A Not-So-Sunny Excursion to Nancy Holt’s Sun Tunnels

Guest blogger: Ali Mitchell, UMFA intern, U of U senior art history major

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In April, the UMFA led an adventure that demonstrated exactly what makes our new ARTLandish: Land Art, Landscape, and the Environment program so unique and engaging. What we envisioned as a fun-filled day of art activities and desert lounging at Nancy’s Holt’s Sun Tunnels (located far from any paved road in Utah’s West desert) became a more adventurous undertaking than anyone foresaw. It was a totally different experience than you might expect to have with a museum: one that ended up being challenging yet spectacular.

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The beachy, beautiful, blue-sky day that our expedition was planned around gave way to some foreboding clouds as staff and art lovers arrived after an epic four-hour trek to the site. When experiencing Land art, you better be prepared for anything—and you definitely better bring a coat! The cool breeze and soft drizzle led us to take shelter inside the tunnels while we listened to lectures by Executive Director, Gretchen Dietrich, and Assistant Curator of Public Programs and Statewide Outreach, Annie Burbidge Ream, who were both appropriately clad in a thick layer of raingear and mud. We learned about the history of the site and the theory of place while enjoying the artwork as a shelter from the rain. The massive concrete tunnels have been some of Utah’s major Land artworks since their creation in 1976. We learned that Nancy’s Holt’s work is important to us as both a beautiful way to experience sculpture and the western landscape, as well as a landmark in the movement of artwork outside of the gallery.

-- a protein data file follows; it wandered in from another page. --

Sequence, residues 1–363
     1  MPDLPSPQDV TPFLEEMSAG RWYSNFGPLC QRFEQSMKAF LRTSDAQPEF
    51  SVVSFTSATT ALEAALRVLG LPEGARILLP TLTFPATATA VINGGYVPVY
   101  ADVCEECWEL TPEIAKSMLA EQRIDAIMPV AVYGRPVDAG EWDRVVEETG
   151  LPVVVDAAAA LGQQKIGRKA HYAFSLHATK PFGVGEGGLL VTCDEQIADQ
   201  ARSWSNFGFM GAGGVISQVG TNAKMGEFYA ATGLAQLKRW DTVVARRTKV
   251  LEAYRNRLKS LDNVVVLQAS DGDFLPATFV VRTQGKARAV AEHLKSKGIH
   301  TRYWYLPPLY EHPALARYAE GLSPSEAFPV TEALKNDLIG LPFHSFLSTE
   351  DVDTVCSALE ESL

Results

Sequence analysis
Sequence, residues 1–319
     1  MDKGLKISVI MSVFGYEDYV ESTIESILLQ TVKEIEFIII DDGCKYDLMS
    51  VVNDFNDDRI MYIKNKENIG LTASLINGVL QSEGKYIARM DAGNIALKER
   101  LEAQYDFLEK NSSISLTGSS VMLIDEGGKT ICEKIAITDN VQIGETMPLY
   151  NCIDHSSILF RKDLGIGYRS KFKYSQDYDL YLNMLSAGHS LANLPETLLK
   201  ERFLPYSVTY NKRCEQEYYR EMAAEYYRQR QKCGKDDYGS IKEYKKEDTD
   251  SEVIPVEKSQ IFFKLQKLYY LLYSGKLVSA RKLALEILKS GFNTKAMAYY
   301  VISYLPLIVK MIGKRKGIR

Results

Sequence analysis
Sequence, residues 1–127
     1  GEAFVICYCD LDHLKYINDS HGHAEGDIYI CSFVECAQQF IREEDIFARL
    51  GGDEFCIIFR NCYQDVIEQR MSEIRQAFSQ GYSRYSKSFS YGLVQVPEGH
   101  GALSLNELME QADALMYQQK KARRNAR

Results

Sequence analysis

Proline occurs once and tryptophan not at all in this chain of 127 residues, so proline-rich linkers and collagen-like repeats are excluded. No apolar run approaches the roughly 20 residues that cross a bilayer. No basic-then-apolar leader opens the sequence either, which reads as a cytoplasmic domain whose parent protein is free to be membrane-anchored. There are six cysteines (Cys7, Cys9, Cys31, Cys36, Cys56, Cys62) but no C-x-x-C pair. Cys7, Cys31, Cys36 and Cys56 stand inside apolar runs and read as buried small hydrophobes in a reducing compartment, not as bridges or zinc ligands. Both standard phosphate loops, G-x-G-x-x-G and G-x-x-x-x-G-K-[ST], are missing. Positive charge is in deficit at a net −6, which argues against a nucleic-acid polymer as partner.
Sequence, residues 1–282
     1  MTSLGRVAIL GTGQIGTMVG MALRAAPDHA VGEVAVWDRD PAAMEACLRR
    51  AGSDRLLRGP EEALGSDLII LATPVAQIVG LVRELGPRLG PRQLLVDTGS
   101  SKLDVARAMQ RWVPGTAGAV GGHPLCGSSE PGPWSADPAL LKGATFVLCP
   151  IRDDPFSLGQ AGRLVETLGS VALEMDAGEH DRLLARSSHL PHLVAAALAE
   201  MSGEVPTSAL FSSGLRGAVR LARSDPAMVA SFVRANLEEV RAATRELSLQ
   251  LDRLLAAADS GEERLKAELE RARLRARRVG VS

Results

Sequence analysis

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But our good luck didn’t last long as nature herself seemed intent on showing us all the site had to offer. We were met with a tremendous cloudburst, and the massive open plains that make the site so beautiful instantly flooded; the soft dirt liquefied under our feet, and worse, our vehicles. One by one our cars drifted and sank in the mud as we attempted a mad dash back to the paved road. We mustered our strength and a whopping sense of humor and adventure in our attempt to one-by-one push the 10 beached cars back out of the mud. After a tremendous effort we succeeded, mud covered and laughing, to form a caravan that ended at the Cowboy Bar in nearby Montello, Nevada.

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At the end of the long day, our trip was the last thing that anyone would relate to a museum. It was dirty, loud, wet, and extremely fun. Land art has always been invested in breaking out of the gallery, and our Sun Tunnels Community Meet-up was the perfect example. The experience of the Sun Tunnels started from the second we left home and lasted through the mud-covered pushing, yelling, and digging that it took to get back again. That is what Land art is about, and in hosting the ARTLandish series the UMFA is invested in asking questions about what it means to be a museum, what it means to experience an artwork, and how we can uniquely engage our community with the amazing artworks that surround us.

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So join us for our upcoming (warmer and drier) ARTLandish programming which can be found on our ARTLandish Page or visit our Sun Tunnels Page for directions and travel tips for your own Land art adventure. We’ll also be hosting another community meet-up—this time at Robert Smithson’s Spiral Jetty—October 1!


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